Celsion Corporation announced that fast track designation was granted to their immunotherapy, GEN-1, to treat patients with advanced stage III or IV ovarian cancer.
The FDA granted fast track designation to a DNA-mediated interleukin-12 (IL-12) immunotherapy, GEN-1, to treat patients with advanced ovarian cancer, according to a press release from Celsion Corporation.
The drug is currently in phase 2 development and was designed using Celsion’s non-viral nanoparticle delivery system platform, TheraPlas.
“Fast Track designation is an important step in developing GEN-1 for advanced ovarian cancer. Presuming the encouraging data we are generating in early clinical studies continues, this designation supports an expedited path to market,” Michael H. Tardugno, chairman, president, and chief executive officer of Celsion, said in a press release. “Fast Track allows for more frequent communication with the FDA to discuss development plans and clinical trial design.”
Currently, GEN-1 is being investigated in the phase 1/2 OVATION 2 study (NCT03393884) investigating the combination of GEN-1 with standard-of-care neoadjuvant chemotherapy to treat patients with newly diagnosed stage III or IV ovarian cancer. With neoadjuvant chemotherapy, the goal is to shrink the tumor for 3 cycles to allow for surgical removal.
In this open-label, 1:1 randomized trial, the population underwent interval debulking surgery after neoadjuvant chemotherapy, followed by 3 cycles of chemotherapy and up to 9 cycles of treatment with GEN-1. The primary end point of the trial is progression-free survival improvement with active treatment versus the control arm, with attention also paid to overall survival.
Data for the phase 1 portion of the OVATION 2 trial was shared with the FDA prior to the fast track designation, finding a complete tumor resection was achieved in 7 of the 8 patients (88%) receiving GEN-1 treatment. The control arm featuring treatment with neoadjuvant chemotherapy saw a complete tumor resection rate of 50%.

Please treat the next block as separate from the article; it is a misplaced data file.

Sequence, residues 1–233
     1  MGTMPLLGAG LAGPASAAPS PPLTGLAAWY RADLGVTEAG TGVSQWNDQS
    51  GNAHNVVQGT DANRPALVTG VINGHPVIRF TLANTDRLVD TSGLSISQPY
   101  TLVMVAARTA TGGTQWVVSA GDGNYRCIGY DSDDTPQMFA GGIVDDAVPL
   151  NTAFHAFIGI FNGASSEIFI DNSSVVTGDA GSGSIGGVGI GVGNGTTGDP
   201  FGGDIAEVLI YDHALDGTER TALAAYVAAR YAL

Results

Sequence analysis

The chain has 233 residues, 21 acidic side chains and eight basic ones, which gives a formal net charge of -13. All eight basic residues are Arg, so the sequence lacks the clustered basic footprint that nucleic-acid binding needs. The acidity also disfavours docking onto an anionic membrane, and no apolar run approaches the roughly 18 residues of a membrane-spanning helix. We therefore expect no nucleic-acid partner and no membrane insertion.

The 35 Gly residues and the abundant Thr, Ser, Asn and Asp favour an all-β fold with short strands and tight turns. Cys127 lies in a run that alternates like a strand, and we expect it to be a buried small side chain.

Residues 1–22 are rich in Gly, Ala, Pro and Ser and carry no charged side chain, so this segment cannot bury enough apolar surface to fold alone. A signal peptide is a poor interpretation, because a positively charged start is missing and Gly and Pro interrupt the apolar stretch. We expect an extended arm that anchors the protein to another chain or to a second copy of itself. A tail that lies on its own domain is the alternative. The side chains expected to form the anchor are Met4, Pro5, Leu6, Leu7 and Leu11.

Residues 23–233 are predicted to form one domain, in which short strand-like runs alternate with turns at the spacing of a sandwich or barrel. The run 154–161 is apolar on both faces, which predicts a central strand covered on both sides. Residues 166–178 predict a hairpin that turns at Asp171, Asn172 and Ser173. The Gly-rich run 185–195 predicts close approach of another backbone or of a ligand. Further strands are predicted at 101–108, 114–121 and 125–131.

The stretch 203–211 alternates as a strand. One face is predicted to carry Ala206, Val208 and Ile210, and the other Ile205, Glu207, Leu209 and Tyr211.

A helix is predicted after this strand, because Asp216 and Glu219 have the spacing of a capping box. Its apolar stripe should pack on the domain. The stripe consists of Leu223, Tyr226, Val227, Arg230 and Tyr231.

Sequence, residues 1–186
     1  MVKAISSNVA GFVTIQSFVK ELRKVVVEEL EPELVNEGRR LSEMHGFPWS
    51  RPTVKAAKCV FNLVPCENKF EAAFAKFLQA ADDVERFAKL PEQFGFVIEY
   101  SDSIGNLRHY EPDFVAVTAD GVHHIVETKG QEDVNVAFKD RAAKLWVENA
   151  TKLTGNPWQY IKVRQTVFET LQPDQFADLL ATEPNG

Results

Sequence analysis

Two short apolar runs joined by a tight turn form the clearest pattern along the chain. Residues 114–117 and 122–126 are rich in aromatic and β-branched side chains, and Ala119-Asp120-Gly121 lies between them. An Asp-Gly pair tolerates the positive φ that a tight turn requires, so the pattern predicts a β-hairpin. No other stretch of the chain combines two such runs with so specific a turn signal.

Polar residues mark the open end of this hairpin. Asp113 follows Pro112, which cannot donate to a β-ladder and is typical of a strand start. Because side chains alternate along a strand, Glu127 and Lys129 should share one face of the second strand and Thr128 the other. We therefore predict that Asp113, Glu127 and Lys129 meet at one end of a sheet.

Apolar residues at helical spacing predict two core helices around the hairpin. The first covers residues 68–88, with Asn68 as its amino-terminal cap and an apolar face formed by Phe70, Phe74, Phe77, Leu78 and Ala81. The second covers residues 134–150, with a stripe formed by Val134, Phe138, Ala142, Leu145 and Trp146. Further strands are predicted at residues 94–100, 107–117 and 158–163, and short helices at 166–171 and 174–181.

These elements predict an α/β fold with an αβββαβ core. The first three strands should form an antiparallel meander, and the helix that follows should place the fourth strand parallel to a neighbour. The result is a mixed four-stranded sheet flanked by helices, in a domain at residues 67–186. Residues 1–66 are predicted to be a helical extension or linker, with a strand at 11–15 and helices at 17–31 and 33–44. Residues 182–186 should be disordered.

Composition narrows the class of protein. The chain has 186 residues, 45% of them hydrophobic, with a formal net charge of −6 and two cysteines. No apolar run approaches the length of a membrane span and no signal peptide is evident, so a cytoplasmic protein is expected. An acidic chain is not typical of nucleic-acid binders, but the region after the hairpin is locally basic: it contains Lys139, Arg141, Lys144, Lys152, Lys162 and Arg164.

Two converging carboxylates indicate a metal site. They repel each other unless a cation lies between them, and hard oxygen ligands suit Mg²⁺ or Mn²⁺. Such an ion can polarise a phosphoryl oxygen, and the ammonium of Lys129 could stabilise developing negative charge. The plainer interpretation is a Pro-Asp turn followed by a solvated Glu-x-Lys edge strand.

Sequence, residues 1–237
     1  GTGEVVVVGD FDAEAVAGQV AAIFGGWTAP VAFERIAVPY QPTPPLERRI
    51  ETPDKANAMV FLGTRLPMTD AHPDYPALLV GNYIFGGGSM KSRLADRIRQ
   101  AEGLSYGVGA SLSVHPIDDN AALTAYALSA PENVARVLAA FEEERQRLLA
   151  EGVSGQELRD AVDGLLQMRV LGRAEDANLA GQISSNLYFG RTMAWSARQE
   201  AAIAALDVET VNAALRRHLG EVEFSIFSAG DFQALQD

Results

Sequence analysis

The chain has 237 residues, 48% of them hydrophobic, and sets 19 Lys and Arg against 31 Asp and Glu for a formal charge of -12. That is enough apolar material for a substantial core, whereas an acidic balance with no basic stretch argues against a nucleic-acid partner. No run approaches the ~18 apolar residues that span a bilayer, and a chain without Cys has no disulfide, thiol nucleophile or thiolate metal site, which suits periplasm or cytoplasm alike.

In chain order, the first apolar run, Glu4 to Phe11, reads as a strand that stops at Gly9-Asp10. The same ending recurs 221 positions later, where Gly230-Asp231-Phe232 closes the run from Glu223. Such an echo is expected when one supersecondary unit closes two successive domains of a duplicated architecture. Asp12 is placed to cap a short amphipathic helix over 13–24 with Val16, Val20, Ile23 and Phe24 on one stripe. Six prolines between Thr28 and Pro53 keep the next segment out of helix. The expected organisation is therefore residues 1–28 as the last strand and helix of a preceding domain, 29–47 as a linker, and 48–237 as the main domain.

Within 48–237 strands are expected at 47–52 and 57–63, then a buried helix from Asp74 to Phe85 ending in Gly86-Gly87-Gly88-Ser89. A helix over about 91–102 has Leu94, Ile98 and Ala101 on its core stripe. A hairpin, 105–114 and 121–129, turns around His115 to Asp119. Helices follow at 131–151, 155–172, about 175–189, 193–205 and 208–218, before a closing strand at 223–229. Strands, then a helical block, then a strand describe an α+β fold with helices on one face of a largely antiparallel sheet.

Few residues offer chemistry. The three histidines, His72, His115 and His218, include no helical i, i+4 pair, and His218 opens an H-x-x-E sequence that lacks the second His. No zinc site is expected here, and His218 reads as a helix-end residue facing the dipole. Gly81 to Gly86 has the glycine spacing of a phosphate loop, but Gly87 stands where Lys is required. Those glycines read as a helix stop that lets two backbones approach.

“In addition, should criteria be met, Fast Track-designated drugs are eligible for rolling review, a process whereby the drug’s sponsor can separately submit sections of its New Drug Application to the FDA,” Tardugno said. “They also are eligible for accelerated approval and priority review, under which drugs for serious conditions fulfilling an unmet medical need can be approved based on a surrogate end point. We are optimistic that GEN-1 represents a game-changer for women with advanced ovarian cancer who have limited treatment options.”
The completed phase 1b dose-escalation OVATION 1 study also saw 100% of patients in the high-dose cohort experience a complete or partial response. Moreover, in the lower-dose cohort, 67% of patients experienced a complete or partial response to treatment. The high-dose population had a complete tumor resection rate of 88% compared to 33% in the lower-dose population.
When comparing data from the OVATION 1 study to a synthetic control arm, research found that the GEN-1 arm almost doubled control of cancer compared with patients in the synthetic control arm. With that being said, the small sample size kept this data form being statistically significant.
The FDA emphasizes that a fast-track designation “must show some advantage over available therapy.” This can include “showing superior effectiveness, effect on serious outcomes or improved effect on serious outcomes; avoiding serious side effects of an available therapy; or decreasing a clinical significant toxicity of an available therapy that is common and causes discontinuation of treatment.”
Celsion Corporation Receives FDA Fast Track Designation for GEN-1 in Advanced Ovarian Cancer. News release. Celsion Corporation. Published February 22, 2021. Accessed February 22, 2021. https://www.globenewswire.com/news-release/2021/02/22/2179451/0/en/Celsion-Corporation-Receives-FDA-Fast-Track-Designation-for-GEN-1-in-Advanced-Ovarian-Cancer.html